Getting amateur landlords to use tax efficient management companies could free up empty homes
The housing market boom of the late 1990s and early 2000s led investors to plough savings, speculative cash and borrowings into the property market. Brits wanted to be a property owning democracy, but were no longer satisfied with just one set of keys. A total of £159.4 billion is now owed on buy-to-let mortgages (12.8 per cent of all mortgage lending).
This new national pastime also created hundreds of thousands of first-time landlords, with just one or two properties and zero experience.
As the recession hit, many of these first-timers had their fingers burnt with tenants failing to pay rents and property price falls plunging them into negative equity. Others had substantial paper profits but no means of exiting what had for them become a headache. But no one is running for the exit, largely because they are put off by the prospect of triggering capital gains tax, where the property is pregnant with gain, and trying to replace their income streams from the net amount available to reinvest given the lack of return from other investment classes. A new exit route is needed.
An institution, probably a real estate investment trust, which takes ownership of the properties in exchange for an equivalent share holding in the fund would allow landlords to ‘cash in’ their property investment and downsize their risk, while remaining connected to the upside of property investment.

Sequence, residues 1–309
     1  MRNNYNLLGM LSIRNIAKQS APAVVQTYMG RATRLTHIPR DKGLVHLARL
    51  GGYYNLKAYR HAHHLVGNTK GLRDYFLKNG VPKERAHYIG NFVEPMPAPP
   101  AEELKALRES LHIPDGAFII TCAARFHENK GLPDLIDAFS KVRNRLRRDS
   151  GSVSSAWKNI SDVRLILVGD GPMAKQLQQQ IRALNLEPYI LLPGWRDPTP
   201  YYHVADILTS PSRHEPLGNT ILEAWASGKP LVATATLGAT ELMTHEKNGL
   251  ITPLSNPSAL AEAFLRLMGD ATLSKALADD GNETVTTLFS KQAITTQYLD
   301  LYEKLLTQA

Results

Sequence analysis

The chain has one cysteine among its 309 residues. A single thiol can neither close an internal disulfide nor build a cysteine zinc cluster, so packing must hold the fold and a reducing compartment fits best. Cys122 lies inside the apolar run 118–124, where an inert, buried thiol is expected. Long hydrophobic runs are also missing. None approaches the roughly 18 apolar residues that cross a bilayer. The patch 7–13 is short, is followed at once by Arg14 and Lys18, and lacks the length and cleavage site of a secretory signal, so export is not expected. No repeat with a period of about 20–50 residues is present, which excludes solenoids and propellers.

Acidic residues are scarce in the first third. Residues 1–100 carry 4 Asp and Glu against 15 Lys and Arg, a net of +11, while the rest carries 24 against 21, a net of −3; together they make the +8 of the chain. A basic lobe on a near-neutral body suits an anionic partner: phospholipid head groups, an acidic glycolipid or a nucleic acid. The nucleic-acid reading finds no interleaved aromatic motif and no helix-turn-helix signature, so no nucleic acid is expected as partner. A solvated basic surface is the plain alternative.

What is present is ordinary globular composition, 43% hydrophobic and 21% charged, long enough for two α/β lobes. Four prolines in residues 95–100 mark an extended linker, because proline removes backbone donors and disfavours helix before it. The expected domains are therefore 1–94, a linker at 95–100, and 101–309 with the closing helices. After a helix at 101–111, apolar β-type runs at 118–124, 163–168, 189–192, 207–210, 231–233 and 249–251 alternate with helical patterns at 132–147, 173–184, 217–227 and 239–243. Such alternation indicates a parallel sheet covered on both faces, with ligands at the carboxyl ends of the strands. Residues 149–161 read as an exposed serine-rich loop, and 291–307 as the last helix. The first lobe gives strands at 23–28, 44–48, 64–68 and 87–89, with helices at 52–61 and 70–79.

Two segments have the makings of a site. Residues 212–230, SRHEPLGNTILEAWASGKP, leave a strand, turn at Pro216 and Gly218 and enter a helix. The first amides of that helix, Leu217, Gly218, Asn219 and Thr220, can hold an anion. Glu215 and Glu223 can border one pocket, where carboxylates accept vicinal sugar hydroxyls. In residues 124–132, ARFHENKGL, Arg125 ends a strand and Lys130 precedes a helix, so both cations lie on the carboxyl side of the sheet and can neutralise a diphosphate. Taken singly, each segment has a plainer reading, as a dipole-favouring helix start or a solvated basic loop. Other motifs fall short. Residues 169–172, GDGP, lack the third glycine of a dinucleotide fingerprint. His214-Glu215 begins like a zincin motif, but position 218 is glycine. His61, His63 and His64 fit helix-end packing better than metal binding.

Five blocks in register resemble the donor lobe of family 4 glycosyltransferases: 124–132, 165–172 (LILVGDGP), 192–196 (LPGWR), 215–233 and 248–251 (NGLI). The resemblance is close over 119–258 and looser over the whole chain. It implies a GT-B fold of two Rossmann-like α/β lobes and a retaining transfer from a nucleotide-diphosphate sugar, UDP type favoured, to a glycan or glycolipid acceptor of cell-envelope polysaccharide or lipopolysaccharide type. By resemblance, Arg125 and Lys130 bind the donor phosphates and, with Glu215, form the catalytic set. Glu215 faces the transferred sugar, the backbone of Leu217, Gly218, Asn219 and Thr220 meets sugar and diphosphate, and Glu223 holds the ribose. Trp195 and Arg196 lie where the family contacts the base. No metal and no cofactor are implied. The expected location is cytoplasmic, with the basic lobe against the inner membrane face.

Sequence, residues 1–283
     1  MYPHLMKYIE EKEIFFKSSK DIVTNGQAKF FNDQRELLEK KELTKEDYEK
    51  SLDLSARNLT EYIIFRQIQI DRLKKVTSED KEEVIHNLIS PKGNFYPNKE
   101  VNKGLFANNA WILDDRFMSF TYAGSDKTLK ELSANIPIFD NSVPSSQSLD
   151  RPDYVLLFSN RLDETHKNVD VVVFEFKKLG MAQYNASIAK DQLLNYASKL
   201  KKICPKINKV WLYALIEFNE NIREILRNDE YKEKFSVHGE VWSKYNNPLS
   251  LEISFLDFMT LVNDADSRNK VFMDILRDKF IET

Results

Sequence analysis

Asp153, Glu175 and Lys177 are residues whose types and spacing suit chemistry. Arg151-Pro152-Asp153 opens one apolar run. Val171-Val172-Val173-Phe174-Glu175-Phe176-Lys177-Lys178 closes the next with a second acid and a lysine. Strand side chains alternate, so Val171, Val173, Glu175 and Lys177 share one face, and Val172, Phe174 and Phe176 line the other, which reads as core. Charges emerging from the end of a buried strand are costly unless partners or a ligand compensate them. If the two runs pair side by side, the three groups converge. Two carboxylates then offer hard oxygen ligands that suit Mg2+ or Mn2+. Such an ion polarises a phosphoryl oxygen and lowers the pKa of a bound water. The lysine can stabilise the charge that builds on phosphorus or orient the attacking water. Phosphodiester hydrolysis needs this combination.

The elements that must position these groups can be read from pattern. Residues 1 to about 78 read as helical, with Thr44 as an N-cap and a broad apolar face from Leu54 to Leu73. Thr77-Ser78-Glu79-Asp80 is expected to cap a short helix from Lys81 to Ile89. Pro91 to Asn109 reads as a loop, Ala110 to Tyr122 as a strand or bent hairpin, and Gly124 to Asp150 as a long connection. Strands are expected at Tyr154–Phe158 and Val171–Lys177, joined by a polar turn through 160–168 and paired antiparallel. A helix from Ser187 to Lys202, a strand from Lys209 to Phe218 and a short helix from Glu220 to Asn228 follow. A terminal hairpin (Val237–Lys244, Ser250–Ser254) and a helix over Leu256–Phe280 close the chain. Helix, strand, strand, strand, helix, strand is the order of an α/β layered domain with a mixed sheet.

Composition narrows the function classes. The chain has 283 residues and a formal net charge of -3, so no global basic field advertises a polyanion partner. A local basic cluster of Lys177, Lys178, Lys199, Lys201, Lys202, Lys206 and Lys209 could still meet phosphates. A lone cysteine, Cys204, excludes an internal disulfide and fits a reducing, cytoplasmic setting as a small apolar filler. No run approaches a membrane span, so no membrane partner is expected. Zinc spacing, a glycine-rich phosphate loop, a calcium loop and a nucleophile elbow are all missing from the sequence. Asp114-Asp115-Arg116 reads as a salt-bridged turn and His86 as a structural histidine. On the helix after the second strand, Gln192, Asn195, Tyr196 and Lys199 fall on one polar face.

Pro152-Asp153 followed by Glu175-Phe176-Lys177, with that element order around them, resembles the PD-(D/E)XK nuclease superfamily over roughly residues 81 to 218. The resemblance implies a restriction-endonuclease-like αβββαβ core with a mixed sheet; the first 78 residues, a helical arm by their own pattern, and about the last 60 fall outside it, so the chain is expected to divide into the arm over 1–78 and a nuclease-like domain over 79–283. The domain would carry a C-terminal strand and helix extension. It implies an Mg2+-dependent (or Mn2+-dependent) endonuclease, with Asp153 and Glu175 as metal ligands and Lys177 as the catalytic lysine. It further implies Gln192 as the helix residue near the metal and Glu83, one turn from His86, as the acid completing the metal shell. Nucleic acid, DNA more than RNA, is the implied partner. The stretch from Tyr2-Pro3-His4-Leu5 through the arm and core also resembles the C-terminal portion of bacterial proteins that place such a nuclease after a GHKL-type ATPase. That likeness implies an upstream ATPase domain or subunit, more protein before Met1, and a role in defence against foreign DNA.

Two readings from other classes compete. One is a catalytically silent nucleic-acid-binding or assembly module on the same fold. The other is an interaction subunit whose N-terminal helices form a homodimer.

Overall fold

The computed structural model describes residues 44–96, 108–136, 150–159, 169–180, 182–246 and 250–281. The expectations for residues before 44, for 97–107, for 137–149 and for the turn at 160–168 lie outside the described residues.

A REIT is a company that manages a portfolio of real estate to earn profits for shareholders. REITs can be very tax efficient, because the property company pays no corporation or capital gains on the profits made from property investment.
Opening the new fund as a vehicle for landlords to trade in small property holdings would create a large well-managed group to provide a better service for residents and an exit route for landlords - professional management, greater choice, and legislative compliance.
If there was a requirement placed on the new fund to provide a set percentage of affordable housing there would be a major policy gain for government and practical gains for local people.
By accepting this simple change to allow the roll over of pregnant CGT, I believe significant numbers of poorly managed or currently void rental properties could be brought back into use and occupation.
The government can provide an attractive vehicle for further investment, much of which could include the provision of affordable homes for rent with the added bonus of helping get the market moving again.
Jonathan Glanz is cabinet member for housing at Westminster Council